PASSING DOWN FAITH-FILLED LIFE, NOT TRIAL-FREE LIFE
Posted by Courtney DeFeo
Do you remember the first time your child was in harm’s way? I remember the time my oldest kicked a bright bouncy ball and landed on her head on the concrete. I remember when my youngest got her feelings hurt by a friend and cried real tears, not whiny tears.
I’ve watched my kids hurt many times, and it stinks.
My knee-jerk reaction is to protect, hover, block, or tattle. Basically do anything to prevent my children from feeling pain.
The same goes with their faith. I want them to fall in love with Jesus and frankly never walk away, while at the same time never experiencing hardship. And then I realize I love them too much to desire a trial-free life. I remember my biggest moments of personal and spiritual growth were during my trials.
Bringing faith to life in our home is a great privilege. I’m encouraged that we don’t have to have a perfect life to pass down a faith-filled life. He has got this. Our role is to simply teach them what we already know and to continue learning and sharing more day by day as we grow.
You don’t have to have a perfect life to pass down a faith-filled life to your kids.
You can make a difference even if you’re only one second ahead of your children in your own journey to know Jesus Christ better.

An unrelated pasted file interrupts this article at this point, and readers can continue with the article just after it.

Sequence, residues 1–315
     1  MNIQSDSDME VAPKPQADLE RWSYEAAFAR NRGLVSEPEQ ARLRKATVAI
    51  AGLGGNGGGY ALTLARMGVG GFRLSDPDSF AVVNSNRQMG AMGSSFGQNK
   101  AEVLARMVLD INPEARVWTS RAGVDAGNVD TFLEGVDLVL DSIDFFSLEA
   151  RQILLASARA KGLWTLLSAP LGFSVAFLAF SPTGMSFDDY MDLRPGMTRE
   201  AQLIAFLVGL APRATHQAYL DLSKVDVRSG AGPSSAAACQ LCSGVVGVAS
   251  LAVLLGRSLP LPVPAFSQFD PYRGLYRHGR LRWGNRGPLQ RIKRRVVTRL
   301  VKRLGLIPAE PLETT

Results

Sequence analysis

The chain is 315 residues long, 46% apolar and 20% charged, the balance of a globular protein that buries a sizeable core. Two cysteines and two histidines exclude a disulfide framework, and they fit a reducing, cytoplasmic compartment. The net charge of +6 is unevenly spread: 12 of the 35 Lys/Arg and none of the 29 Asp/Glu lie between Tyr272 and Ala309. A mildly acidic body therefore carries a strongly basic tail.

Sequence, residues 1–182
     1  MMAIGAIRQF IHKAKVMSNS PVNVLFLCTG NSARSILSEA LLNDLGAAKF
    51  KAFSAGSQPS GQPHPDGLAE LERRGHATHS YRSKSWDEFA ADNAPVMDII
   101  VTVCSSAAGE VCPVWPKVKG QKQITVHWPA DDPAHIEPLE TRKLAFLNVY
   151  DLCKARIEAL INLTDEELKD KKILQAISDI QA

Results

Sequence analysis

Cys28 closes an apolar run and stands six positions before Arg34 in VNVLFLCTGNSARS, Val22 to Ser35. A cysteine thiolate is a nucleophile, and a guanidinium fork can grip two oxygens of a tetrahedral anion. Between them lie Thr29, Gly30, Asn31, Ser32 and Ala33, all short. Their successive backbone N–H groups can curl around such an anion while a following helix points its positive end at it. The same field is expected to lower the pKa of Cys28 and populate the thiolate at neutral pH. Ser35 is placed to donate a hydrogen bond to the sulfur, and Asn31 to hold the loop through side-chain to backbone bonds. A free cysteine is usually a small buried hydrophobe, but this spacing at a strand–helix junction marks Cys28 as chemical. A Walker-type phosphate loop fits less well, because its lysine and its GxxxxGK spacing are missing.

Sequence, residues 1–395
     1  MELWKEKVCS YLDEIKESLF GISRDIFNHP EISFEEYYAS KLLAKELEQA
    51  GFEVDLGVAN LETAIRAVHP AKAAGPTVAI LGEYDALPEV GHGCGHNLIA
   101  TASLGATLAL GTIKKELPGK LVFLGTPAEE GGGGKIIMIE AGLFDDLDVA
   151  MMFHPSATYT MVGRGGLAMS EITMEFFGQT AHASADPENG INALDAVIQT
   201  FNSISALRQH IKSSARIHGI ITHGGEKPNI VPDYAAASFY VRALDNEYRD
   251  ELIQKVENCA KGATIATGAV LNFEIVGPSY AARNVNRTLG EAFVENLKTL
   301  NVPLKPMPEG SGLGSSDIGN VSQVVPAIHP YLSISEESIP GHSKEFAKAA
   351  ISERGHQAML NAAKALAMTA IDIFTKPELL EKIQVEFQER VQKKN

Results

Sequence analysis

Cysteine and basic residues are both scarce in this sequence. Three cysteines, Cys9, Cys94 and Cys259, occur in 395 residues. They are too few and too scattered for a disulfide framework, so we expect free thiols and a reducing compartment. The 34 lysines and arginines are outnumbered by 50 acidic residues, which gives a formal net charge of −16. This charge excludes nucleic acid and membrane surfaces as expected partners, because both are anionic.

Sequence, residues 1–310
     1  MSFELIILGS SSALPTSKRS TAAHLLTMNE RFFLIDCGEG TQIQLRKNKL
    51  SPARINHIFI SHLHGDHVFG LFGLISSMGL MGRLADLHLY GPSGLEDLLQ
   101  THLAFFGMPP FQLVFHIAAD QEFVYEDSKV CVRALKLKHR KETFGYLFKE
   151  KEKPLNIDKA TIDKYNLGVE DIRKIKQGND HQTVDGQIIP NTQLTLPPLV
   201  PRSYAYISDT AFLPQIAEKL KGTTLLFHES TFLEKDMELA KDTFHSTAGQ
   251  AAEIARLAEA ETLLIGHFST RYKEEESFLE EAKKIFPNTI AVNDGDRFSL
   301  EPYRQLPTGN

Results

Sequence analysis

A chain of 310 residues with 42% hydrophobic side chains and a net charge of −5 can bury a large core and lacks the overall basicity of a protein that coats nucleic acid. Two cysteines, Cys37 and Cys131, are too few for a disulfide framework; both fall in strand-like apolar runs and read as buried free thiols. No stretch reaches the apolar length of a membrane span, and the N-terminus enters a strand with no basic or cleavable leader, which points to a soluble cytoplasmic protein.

Your fear and your uncertainty can show them God’s grace and mercy.
Your mistakes can teach them forgiveness.
Your strengths can shine a spotlight on God’s blessings and gifts.
Your daily ordinary tasks can become extraordinary opportunities to reach the hearts of your children.
Is anyone with me? Let’s slowly unpeel our grips and give God the chance to show up in the midst of trials. It’s hard to imagine, but He loves our kids even more than we do.
About the Author:
Courtney DeFeo is a popular blogger, the creator of ABC Scripture Cards, which are sold nationwide, and the author of “In This House We Will Giggle”. A graduate of Auburn University, she has a background in marketing and public relations and has worked for Ketchum Public Relations and Chick-fil-A. Courtney and her husband, Ron, currently live in Orlando, FL and are the parents of two young girls, Ella and Larson. You can read more from Courtney on her blog, Lil Light O’ Mine.
HUDDLE IN CLOSE
Posted by Brooklyn Lindse
“The boys just kind of swarmed around one another next to their buddy, not really knowing what to say or what to do. They just knew they wanted to be close to each other. Somehow that helped. These fifth grade boys were huddled together at the front of the church after the funeral for the mother of the one in the middle of the bunch. It was evidence of community. It was unsophisticated and simple but it was very, very real.” -Mike Sligh, Headmaster, Lakeland Christian School (January 28, 2015)
What a beautiful picture, uninhibited by simplicity, and not afraid of the silence that sometimes accompanies genuine support and love. I’m encouraged by the kindness of a group of 5th grade boys. The words that they chose to show their love were spelled in the act of huddling in close.
Life brings tragedy and heartache. And as a parent, you will likely have to watch your child experience grief, whether it be over the loss of a special toy, a friendship or boyfriend, or even the life of someone close to them.. And your heart breaks too. Because you want to fix it, resolve it, but you know you can’t. How do you walk through it with them? What words do you say and how do you comfort your grieving child?